The Pinakbet Farm experience is something you should not miss if you’re in Vigan, Ilocos Sur. I had a good opportunity to taste Ilocos’ local flavor on our medical mission in Vigan. Being the wife of an Ilocano husband, this should not be a big deal. But there’s something about immersing in the locality. And there can be nothing more organic in Ilocos than eating pakbet at the Pinakbet Farm.
What is Pinakbet?
“Pinakbet” or “pakbet” comes from the Ilocano word “pinakebbet”. It means “shrunken” or “wrinkled”. Thus, pinakbet is a dish of vegetables cooked until shrunken. Bitter melon (amapalaya) is the main star of the pinakbet. It could also include eggplants, tomatos, okra, string beans and chili peppers. A good pinakbet uses vegetables easily grown in one’s backyard. The dish is cooked with fermented fish or shrimp paste as it’s seasoning for the sauce. My Kapampangan grandfather included squash (kalabasa) in his pakbet. I always thought kalabasa was a staple ingredient. I found out, tho, that his pakbet was actually the Tagalog version of the dish. The one at the Pinakbet Farm didn’t have it.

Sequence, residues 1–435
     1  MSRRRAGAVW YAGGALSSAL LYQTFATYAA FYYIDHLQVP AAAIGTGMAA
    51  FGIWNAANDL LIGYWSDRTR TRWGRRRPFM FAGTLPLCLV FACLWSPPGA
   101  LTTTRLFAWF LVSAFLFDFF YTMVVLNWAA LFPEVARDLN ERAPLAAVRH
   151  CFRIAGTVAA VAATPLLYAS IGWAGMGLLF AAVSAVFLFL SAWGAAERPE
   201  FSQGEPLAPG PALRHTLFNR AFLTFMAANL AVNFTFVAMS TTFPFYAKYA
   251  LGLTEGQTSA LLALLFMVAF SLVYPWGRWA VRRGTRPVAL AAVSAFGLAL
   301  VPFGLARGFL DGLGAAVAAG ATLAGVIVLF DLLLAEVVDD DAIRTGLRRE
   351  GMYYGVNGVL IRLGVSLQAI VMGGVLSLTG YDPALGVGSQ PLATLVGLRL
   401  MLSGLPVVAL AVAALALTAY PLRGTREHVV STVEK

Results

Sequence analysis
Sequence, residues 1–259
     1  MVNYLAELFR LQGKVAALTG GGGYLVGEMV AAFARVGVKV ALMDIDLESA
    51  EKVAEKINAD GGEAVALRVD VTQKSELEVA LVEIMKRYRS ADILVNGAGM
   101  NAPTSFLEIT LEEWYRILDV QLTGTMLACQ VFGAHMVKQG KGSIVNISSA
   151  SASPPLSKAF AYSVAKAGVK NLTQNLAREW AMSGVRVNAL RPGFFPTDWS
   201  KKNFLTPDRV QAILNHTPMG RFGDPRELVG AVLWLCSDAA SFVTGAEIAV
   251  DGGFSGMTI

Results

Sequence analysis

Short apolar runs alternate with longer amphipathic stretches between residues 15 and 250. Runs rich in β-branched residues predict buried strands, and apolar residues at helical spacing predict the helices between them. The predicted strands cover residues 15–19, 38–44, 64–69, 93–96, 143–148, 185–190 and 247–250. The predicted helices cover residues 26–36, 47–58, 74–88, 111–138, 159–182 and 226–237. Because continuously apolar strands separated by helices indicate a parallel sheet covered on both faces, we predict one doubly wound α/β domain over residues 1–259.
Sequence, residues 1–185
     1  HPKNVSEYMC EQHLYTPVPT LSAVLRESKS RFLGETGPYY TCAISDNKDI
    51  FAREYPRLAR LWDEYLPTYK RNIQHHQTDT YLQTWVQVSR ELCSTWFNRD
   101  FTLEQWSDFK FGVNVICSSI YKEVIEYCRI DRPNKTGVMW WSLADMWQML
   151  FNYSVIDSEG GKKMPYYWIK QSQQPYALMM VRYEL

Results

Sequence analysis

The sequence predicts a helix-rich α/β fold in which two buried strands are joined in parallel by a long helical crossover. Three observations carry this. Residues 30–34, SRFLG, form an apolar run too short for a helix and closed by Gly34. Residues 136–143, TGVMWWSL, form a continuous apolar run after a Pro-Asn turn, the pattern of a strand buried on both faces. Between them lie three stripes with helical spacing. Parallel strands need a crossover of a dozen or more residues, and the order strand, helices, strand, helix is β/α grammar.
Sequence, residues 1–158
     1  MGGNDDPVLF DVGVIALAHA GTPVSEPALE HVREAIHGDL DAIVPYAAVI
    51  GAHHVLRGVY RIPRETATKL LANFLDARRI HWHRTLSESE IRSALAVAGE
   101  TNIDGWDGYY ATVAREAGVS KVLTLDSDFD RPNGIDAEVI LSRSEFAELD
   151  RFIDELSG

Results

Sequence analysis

Thriftiness is a well-known Ilocano trait. Pinakbet, the Ilocano’s contribution to the culinary world, is the best reflection of the Ilocanos’ frugality. So if an Ilocano can make a dish from all the harvests from his own backyard then he would have spent not a single cent on a meal that was even considered healthy and delicious.
The Pinakbet Farm’s Origins
Situated in Caoayan, Ilocos Sur, the Pinakbet Farm is about 5.0km south of Vigan’s capitol. Featured as a tourist destination, the restaurant prides itself for being one of a kind. How? Their vegetables and fish are sourced from their own acre-wide backyard. Very Ilocano, right?